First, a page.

My colleague, David Tarpy, and I are beginning a project studying blueberry pollinator diversity and abundance in the southeast, lead by masters student Shelley Rogers, and this week Shelley conducted the first site visits. Our locations span the state and include conventional, organic, commercial, and unmanaged sites.
We have experience a record number of chilling hours this winter, which means bloom will be concentrated this spring.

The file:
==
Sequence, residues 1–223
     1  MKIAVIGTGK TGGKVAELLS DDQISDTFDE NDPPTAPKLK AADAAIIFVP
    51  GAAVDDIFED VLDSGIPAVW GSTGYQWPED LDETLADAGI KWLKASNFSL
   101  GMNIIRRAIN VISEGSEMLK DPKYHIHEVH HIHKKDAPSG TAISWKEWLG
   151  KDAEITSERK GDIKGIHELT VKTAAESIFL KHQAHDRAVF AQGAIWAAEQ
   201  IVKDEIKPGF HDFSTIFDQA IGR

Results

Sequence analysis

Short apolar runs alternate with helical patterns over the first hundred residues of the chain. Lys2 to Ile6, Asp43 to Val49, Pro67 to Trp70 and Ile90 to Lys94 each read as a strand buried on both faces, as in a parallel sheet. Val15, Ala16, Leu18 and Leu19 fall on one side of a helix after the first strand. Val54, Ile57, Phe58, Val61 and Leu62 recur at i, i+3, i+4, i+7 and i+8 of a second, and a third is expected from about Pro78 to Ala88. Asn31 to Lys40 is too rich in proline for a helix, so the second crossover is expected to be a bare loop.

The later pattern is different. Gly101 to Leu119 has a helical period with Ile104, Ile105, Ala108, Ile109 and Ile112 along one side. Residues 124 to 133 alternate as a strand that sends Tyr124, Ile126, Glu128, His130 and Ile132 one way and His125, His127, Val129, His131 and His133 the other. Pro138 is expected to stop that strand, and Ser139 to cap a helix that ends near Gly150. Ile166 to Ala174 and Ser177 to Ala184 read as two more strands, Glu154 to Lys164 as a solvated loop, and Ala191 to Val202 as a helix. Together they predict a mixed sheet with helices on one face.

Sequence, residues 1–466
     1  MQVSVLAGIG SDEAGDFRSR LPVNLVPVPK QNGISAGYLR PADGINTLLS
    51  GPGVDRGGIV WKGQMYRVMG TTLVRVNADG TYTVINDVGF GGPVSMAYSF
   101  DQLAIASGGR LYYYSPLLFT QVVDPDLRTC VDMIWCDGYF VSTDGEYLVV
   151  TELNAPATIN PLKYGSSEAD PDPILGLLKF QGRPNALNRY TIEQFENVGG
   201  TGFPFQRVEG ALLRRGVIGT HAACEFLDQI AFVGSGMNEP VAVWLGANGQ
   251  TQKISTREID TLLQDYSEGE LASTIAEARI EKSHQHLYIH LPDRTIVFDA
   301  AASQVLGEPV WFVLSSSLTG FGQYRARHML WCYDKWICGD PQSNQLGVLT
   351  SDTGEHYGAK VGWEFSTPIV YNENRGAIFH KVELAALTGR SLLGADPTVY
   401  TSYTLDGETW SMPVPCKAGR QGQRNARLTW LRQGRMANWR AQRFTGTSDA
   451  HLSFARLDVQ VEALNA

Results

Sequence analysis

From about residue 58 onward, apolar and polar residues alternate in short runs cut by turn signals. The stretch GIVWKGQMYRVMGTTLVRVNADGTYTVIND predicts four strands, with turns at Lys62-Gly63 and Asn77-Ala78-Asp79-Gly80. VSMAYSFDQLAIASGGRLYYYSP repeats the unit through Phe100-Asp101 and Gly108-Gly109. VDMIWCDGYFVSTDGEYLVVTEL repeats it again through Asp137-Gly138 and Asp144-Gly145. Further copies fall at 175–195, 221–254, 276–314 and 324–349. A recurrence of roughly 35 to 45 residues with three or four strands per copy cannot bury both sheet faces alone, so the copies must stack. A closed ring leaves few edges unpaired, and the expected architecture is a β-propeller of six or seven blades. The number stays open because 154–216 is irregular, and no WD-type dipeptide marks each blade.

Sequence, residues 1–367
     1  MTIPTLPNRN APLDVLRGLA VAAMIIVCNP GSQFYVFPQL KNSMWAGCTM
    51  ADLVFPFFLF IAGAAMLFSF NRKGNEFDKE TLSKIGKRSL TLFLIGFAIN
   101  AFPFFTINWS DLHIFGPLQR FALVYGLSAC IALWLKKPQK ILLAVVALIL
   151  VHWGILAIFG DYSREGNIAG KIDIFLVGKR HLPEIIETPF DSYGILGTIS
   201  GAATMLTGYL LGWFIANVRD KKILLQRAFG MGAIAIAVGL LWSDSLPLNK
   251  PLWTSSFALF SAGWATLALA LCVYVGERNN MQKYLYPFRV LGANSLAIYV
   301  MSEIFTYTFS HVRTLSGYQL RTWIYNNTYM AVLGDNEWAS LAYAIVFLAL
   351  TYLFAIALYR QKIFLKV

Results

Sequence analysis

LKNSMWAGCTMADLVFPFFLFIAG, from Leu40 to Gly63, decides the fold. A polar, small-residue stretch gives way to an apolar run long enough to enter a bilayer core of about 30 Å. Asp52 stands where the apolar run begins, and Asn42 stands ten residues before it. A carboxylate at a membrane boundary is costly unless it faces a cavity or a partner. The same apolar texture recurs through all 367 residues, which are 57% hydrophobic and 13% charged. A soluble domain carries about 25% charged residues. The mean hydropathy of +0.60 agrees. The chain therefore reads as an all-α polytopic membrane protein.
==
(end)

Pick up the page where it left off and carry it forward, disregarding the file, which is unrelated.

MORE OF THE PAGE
O'neal, one the early blooming varieties was already pushing buds this week, which means we have about 2 weeks before pollinator assessments begin in earnest. The goal of this project is to determine which pollinators are most abundant and efficient in our blueberry agroecosystem and what landscapes are most conducive to these insects. This project will run for 2 years and encompass at least 14 locations and supported in part by the NC Blueberry Council.